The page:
Crystal Structures of Native and AdoMet Bound rRNA Methyltransferase from Sinorhizobium meliloti : Structural Insights into rRNA Recognition. Evolutionary, Structural and Functional Studies on Nucleoid-Associated Proteins HU and IHF
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DNA- and RNA-binding proteins play a central role in gene regulation, which includes transcriptional control, alternative splicing, post-translational and transcriptional modifications like methylation and acetylation among other roles. In this way, they control most of the working machinery of the cell in direct or indirect manner. Although more than 60 years ago the structure of DNA was proposed by Watson and Crick, our understanding of how RNA- and DNA-binding proteins interact with the genome and transcriptome remains scarce. One of the most important questions in biology is how a large number of DNA- and RNA-binding proteins find their target, interact and later disassociate. These nucleic acid binding proteins either recognizes the unique structural and chemical signatures of the bases (base readout) which give the specificity or it recognizes a sequence-dependent shape (shape readout). Methyltransferases are enzymes with diverse folds, which perform methyltransfer to various substrates using mainly S-adenosyl-L-methionine (AdoMet) as a methyl donor. RNA methylation is one of the most crucial post-transcriptional modifications which influences a wide variety of cellular processes like metabolic stabilization of RNA, quality control in protein synthesis, resistance to antibiotics, mRNA reading frame maintenance, splicing, viral nucleoprotein stabilization among others. Specificity in recognition and methylation in ribosomal RNA (rRNA) methyltransferases is very crucial, as rRNA is highly conserved and lack of specificity would influence the stabilization of RNA and thus, will affect the ribosome. In recent years, rRNA modifications which confer resistance to ribosomal antibiotics have also been observed. The mechanism of recognition to their unique rRNA target site with high selectivity and their evolution still remains an enigma. Thus, the evolution of antibiotic resistance-conferring methyltransferases in pathogenic organisms needs to be investigated from the structural and evolutionary perspective. In the last two decades, many global regulators in both eukaryotes and prokaryotes have been discovered, which promiscuously bind to a large number of DNA sequences. In prokaryotes, they are called as ‘Nucleoid-associated proteins’ (NAPs), which influence the transcriptional process and exhibit multi-specificity or promiscuity. They also take part in the formation of many multi-protein complexes. HU and Integration Host Factor (IHF) are NAPs which belong to prokaryotic DNA-bending protein family (DNABII family). HU and IHF play crucial architectural roles in bacterial DNA condensation and additionally play a regulatory role in many cellular processes. Although sharing structural similarity, the DNA binding and bending features of HU and IHF are strikingly different, allowing them to selectively regulate genes from different genomic locations. HU binds to DNA in a sequence promiscuous manner while IHF is moderately sequence specific. The molecular mechanism of DNA binding multi-specificity (differential specificity with varied binding affinity) of HU/IHF proteins remains unexplored, as little attention has been paid to the determinants at the sequence level. Now, the fundamental question which the author attempted to understand is the structural and evolutionary determinants of specificity in DNA- and RNA-binding proteins. The candidate has taken nucleoid-associated protein HU and SPOUT superfamily RNA methyltransferase as model systems. As the very limited number of structural folds makes up the DNA- and RNA-binding proteins, it is intriguing to examine closely related nucleic acid binding domains or folds carrying out specific functions. Also, we observed that some proteins having a particular structural fold (or homologous ancestry) bind to DNA or RNA with high specificity, while its other homolog binds promiscuously. These observations tempted us to find the sequence and structural determinants which guide this phenomenon, not just specific to only a single protein family, but, determinants are of more general nature, where results can possibly be applied to other nucleic acid binding proteins too. The first part of the thesis reports the crystal structures of native and AdoMet bound ribosomal RNA Methyltransferase from Sinorhizobium meliloti (smMtase), by single anomalous dispersion (SAD) phasing on seleno-methionine substituted crystal, which diffracted to 2.28Å and 2.9 Å resolutions respectively in space group P212121. smMtase belong to an rRNA binding SPOUT superfamily protein, which is fused with an RNA binding L30e domain at the N-terminus. We focused our study on these types of proteins among the large superfamily (henceforth termed as SPOUTL30). The author also has conducted a phylogenetic study, which revealed 11 major clades, out of which we focused our present study in understanding the sequence conservation and variations of 5 (A-E) clades, for which structural, biochemical and functional data is available. These proteins share homology to antibiotic resistance conferring methyltransferases. The availability of experimentally determined structures of native and AdoMet bound smMtase along with an analysis of other homologous crystal structures has enabled a critical examination of factors influencing RNA binding specificity. Also, the thesis reports for the first time an evolutionary and structural inter-connectivity of the three conserved motifs (I-III) in SPOUT superfamily, which is responsible for AdoMet binding and catalysis. The results highlight that both the location of conserved positive and negatively charged residues influence the RNA binding, specificity, and affinity. The conservation of these residues could be at superfamily, family or at clade level, and the position of these charged residues at specific sites, alters their salt-bridge geometry, which ultimately fixes the conformation of RNA-binding residues, thus defining a particular binding site specific to its cognate RNA. The study conducted by the author reveals that the dynamics of salt-bridge and other directional interactions like hydrogen bonding and aromatic interactions essentially determines the specificity of SPOUTL30. The second part of the thesis reports evolutionary, structural and functional studies on nucleoid-associated proteins HU and IHF. To understand the sequence determinants, which influence the degree of DNA binding specificity, we undertook a phylogenetic study in conjunction with analysis of three-dimensional structures. The phylogenetic analysis revealed three major clades, belonging to HU, IHFα, and IHFβ like proteins with reference to E. coli. The author observed statistically significant amino acid compositional bias in the DNA binding sites of HU and IHF clade proteins. The author proposes that the molecular mechanisms giving rise to specificity or multi-specificity depend on a combination effect of the amino acid composition of the binding site, its flexibility, ionic and steric constraints. In continuation of this part of the thesis, the candidate examined the role of protein interacting interface of HU-IHF family proteins, understanding its evolutionary history and utilizing it in designing inhibitors for Mycobacterium tuberculosis HU (MtbHU). The present results give a model example of an evolutionary study of a protein interface of nucleoid-associated protein, which is used to understand the interface and computationally design inhibitors targeting it. The author was a part of the study (Bhowmick et al. 2014, Nature communications) which has determined the crystal structure of Mycobacterium tuberculosis HU, inhibited it using stilbene derivatives (SD1 and SD4) which curtailed the Mtb cell growth. In the present thesis, the candidate observed from microarray analysis that the SD1 stimulon consists of genes involved majorly in lipid biosynthesis pathway, ribosomal genes which affect the overall translation, aerobic respiration pathways, antigenic membrane proteins involved in pathogenicity. Nearly half of the genes in affected by SD1 are essential in nature, thus could explain the curtailing of cellular growth. The whole study provides a system inspired view of probing as well, inhibiting global regulator HU using novel chemical molecules.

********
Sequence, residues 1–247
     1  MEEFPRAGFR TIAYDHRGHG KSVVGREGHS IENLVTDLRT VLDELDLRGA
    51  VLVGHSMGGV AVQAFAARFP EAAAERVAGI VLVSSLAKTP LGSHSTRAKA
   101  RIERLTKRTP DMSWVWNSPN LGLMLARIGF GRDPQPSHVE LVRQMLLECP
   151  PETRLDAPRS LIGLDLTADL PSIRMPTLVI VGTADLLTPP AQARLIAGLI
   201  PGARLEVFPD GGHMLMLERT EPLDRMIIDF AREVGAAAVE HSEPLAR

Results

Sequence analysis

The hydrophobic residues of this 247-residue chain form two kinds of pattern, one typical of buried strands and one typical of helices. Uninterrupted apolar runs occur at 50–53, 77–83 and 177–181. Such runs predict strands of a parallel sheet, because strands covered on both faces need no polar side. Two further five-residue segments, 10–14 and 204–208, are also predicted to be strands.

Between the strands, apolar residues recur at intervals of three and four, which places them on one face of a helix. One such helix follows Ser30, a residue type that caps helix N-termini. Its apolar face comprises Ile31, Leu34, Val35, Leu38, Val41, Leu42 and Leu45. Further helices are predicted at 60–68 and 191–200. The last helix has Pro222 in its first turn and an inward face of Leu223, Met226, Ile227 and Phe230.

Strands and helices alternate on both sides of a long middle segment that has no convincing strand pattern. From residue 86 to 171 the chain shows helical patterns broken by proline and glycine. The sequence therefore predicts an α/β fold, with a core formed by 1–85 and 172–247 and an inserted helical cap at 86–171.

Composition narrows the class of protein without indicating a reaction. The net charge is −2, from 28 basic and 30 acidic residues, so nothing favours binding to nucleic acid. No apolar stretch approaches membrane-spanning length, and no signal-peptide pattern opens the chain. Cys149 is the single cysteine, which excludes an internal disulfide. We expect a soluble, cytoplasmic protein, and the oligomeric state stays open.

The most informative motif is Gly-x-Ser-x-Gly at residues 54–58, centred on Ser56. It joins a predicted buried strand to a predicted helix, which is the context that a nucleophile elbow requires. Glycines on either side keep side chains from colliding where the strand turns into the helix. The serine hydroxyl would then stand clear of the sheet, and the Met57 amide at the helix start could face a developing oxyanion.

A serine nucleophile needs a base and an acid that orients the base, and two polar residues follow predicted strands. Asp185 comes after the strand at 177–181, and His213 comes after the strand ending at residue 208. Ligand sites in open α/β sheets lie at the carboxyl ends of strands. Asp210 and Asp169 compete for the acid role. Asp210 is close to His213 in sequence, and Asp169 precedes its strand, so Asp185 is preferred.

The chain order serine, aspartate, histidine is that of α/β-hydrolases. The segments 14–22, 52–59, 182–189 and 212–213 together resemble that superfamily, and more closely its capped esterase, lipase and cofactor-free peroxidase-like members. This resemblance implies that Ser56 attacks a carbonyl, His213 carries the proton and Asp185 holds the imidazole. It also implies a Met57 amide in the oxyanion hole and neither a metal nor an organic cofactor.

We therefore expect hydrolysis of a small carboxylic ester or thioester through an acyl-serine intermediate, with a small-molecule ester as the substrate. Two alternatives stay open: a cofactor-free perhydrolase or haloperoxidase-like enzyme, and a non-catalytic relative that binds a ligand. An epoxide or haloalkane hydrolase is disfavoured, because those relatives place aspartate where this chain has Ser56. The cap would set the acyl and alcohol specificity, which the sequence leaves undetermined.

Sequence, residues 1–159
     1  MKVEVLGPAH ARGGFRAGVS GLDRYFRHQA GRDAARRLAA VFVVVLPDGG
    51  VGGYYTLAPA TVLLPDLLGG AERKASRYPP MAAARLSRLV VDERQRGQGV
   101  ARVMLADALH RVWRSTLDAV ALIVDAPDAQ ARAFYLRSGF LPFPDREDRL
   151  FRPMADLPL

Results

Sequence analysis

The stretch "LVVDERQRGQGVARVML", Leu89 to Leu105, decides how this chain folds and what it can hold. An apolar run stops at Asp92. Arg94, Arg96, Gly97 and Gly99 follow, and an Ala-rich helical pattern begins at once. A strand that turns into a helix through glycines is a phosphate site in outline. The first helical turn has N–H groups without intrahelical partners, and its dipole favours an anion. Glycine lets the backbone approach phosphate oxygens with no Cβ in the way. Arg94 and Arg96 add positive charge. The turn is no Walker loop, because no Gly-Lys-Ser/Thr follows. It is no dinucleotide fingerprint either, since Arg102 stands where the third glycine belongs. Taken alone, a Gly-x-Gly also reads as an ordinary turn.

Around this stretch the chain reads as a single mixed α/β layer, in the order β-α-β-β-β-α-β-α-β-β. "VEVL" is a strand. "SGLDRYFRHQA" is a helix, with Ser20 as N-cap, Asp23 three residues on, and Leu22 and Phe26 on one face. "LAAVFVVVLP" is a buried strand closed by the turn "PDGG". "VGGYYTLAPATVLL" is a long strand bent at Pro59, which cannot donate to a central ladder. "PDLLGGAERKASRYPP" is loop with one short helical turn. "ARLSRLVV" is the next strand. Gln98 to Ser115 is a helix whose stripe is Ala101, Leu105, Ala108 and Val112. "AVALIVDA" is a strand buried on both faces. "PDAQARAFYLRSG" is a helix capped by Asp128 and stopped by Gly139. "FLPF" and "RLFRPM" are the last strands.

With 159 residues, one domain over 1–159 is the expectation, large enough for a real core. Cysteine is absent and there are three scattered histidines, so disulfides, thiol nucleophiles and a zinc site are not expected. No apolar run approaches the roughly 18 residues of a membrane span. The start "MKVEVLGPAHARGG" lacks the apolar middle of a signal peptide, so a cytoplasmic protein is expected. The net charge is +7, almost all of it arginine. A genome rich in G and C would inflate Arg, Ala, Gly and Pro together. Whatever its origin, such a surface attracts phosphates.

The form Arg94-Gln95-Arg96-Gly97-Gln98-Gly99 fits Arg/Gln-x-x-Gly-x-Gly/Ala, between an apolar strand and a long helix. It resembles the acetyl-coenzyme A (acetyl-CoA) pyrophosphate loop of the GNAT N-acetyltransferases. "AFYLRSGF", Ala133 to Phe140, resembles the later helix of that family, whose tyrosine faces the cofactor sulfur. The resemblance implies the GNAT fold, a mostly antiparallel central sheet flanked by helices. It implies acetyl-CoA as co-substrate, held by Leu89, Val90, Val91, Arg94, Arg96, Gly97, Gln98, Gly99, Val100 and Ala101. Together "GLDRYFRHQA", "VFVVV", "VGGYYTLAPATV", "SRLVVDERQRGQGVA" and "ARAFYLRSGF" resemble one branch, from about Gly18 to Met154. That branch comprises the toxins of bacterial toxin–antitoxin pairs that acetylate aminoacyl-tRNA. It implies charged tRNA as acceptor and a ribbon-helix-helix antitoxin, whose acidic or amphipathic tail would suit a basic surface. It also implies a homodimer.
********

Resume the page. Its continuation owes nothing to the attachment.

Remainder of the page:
- Physics (PHY)